After intensive training in Cambodia in January, ten Ethiopian health care workers and program managers have returned to Addis Ababa, where for the first time they are offering life-saving treatment to patients with drug-resistant TB.
The Ethiopian medical workers‚Ä"eight doctors, a pharmacist and a nurse‚Ä"received hands-on training in the diagnosis and management of drug-resistant TB from doctors and healthcare workers from the Cambodian Health Committee(CHC)/Global Health Committee and the Cambodian National TB Program. The training was led by Dr. Sok Thim, CHC's Executive Director, along with Dr. Mao Tan Eang, director of the Cambodian National TB program. The program was supported in part by the Annenberg Foundation.¬†
The mentoring continued after the workers returned home, where they were joined by an international team from the CHC/GCH, who helped to initiate the treatment program that had been previously unavailable in Ethiopia. Ten patients are now receiving the antibiotic regimen necessary to cure their disease, thanks to a unique collaboration between doctors in both countries, the Ethiopian Federal Ministry of Health, and the CHC/GHC.
A growing problem worldwide, drug-resistant TB springs up when antibiotic treatment for conventional TB is interrupted, the medicines are of poor quality or are not used correctly. Once it arises, drug-resistant TB can spread from person to person. In poor countries, the costs of necessary laboratory tests to determine drug resistance and second-line antibiotic treatment are beyond the reach of most people. As a result, the vast majority of people in the world with drug-resistant TB get no treatment whatsoever.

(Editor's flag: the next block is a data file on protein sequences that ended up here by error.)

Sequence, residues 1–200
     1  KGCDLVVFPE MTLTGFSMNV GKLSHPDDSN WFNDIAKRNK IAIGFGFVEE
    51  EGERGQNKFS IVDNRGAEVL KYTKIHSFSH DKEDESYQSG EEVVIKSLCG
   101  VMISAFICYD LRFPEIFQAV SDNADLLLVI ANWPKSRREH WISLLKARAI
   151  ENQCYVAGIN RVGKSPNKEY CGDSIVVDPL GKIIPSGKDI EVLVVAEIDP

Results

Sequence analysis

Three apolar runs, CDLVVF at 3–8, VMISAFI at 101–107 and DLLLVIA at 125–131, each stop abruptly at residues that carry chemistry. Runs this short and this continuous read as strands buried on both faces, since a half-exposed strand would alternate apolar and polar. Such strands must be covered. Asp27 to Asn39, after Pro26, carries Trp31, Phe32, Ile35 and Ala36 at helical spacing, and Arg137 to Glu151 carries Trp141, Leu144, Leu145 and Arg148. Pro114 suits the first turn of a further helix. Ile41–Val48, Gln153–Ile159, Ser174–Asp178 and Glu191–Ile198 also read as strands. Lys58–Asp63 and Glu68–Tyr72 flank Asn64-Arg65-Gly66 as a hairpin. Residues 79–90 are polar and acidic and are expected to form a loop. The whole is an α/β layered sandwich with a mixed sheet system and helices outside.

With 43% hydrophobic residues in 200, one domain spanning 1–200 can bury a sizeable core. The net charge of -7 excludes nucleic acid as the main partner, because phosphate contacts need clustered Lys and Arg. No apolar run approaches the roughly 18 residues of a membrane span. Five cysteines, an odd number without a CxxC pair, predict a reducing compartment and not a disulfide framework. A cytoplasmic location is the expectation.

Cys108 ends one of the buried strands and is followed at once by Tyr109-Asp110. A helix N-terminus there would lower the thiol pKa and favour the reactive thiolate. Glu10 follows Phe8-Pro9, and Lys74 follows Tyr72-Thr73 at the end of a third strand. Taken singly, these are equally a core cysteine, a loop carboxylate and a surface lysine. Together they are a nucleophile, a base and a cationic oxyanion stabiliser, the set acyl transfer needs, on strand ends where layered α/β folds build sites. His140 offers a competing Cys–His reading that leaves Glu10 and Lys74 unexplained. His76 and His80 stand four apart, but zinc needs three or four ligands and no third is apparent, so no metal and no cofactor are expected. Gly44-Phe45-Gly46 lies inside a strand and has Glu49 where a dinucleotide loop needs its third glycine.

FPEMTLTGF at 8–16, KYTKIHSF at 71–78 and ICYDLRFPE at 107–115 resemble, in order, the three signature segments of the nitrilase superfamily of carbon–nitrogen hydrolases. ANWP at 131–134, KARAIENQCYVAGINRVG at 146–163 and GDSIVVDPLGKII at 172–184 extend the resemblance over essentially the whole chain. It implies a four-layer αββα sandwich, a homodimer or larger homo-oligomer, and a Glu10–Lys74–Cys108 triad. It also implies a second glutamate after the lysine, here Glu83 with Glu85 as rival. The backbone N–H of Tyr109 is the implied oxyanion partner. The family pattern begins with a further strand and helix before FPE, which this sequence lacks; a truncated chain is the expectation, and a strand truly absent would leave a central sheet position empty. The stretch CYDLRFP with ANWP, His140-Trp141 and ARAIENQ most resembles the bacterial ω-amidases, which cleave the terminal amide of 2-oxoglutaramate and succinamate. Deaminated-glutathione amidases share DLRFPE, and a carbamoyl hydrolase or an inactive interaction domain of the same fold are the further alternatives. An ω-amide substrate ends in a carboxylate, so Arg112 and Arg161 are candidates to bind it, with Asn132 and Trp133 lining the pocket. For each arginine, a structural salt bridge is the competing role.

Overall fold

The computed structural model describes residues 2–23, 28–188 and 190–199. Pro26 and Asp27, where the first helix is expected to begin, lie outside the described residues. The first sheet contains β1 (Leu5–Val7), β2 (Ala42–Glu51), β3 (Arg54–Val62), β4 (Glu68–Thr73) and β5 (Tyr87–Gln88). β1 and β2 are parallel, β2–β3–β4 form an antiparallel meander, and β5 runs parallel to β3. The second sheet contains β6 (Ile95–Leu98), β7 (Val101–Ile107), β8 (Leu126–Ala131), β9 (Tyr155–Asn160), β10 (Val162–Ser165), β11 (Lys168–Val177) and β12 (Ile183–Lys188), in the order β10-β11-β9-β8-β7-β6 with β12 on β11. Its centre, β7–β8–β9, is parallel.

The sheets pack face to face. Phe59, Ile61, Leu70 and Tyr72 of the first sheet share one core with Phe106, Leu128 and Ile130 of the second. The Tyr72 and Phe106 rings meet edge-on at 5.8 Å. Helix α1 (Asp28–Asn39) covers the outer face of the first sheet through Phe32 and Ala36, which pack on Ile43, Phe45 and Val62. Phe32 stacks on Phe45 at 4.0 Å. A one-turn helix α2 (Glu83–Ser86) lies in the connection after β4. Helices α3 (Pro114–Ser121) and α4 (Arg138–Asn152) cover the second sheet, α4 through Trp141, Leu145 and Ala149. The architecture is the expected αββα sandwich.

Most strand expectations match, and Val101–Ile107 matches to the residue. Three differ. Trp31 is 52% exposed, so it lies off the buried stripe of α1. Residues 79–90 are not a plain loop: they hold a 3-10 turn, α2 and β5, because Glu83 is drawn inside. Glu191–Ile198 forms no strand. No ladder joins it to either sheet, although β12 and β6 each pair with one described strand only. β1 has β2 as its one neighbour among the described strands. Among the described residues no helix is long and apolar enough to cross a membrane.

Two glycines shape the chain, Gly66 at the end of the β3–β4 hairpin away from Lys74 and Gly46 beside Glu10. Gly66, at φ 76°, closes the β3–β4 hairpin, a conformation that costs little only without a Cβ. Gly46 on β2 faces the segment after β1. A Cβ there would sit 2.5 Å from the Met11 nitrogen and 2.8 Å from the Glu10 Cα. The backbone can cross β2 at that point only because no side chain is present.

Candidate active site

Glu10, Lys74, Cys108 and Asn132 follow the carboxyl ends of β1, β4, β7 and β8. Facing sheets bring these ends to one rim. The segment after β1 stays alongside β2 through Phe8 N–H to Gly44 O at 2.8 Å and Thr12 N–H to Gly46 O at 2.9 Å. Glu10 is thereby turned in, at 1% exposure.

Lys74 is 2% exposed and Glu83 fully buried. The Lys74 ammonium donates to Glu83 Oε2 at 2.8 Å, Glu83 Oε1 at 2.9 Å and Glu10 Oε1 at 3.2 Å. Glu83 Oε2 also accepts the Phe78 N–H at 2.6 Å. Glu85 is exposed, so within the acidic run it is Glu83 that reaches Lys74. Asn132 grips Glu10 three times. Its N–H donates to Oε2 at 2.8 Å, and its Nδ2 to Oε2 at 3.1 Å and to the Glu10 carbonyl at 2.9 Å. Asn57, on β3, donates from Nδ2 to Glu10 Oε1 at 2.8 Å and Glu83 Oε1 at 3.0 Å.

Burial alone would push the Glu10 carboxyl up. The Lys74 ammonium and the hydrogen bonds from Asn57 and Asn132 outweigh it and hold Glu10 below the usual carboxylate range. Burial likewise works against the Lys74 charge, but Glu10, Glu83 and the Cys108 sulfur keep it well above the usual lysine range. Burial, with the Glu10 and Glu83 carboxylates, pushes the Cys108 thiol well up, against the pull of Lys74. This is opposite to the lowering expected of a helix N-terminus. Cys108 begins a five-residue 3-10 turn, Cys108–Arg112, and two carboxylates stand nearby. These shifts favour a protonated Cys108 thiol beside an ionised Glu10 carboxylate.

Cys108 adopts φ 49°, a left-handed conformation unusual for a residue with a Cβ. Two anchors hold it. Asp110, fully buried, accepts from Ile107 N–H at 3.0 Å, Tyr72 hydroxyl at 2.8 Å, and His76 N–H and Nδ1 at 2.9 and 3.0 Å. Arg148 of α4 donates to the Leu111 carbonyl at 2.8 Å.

The GHC aims to change this by building up local health care infrastructure and providing medicines to bring drug-resistant TB treatment to people who need it wherever they are. To do this, they are adapting the methods pioneered over the last decade in Cambodia to help other poor countries.¬†
"In Cambodia we have developed a community-based approach to drug-resistant TB that is working extremely well to achieve universal access in the country for drug-resistant TB care," says Dr. Sok Thim, CHC's Executive Director. "We currently have 120 patients on drug-resistant TB therapy. Our experience suggests a powerful international model for drug-resistant TB care, and we welcomed this chance to transfer knowledge and approaches directly between our two countries that face similar challenges in fighting drug-resistant TB."
Treating drug-resistant TB requires multiple antibiotics given for up to two years. The CHC used funds provided by the Jolie-Pitt Foundation to purchase some of the medicines to treat the first Ethiopian patients. In addition, pharmaceutical maker Eli Lilly and Company donated ten courses of one of one antibiotics, capreomycin. Later this year, the Ethiopian Ministry of Health hopes to receive antibiotics for an additional 45 patients through Green Light Committee of the World Health Organization.
"Until this collaboration, there was no access to the medicines needed to treat even one patient with drug-resistant TB in Ethiopia," says Anne Goldfeld, co-founder of CHC and GHC and Associate Professor of Medicine at Harvard Medical School. "Thanks to the support of our generous sponsors, we can now say that has changed. But these patients are only a fraction of those who need treatment. The GHC will continue to do whatever it takes to obtain the necessary medicines and provide access to care for all of the estimated 6000 Ethiopians with drug-resistant TB."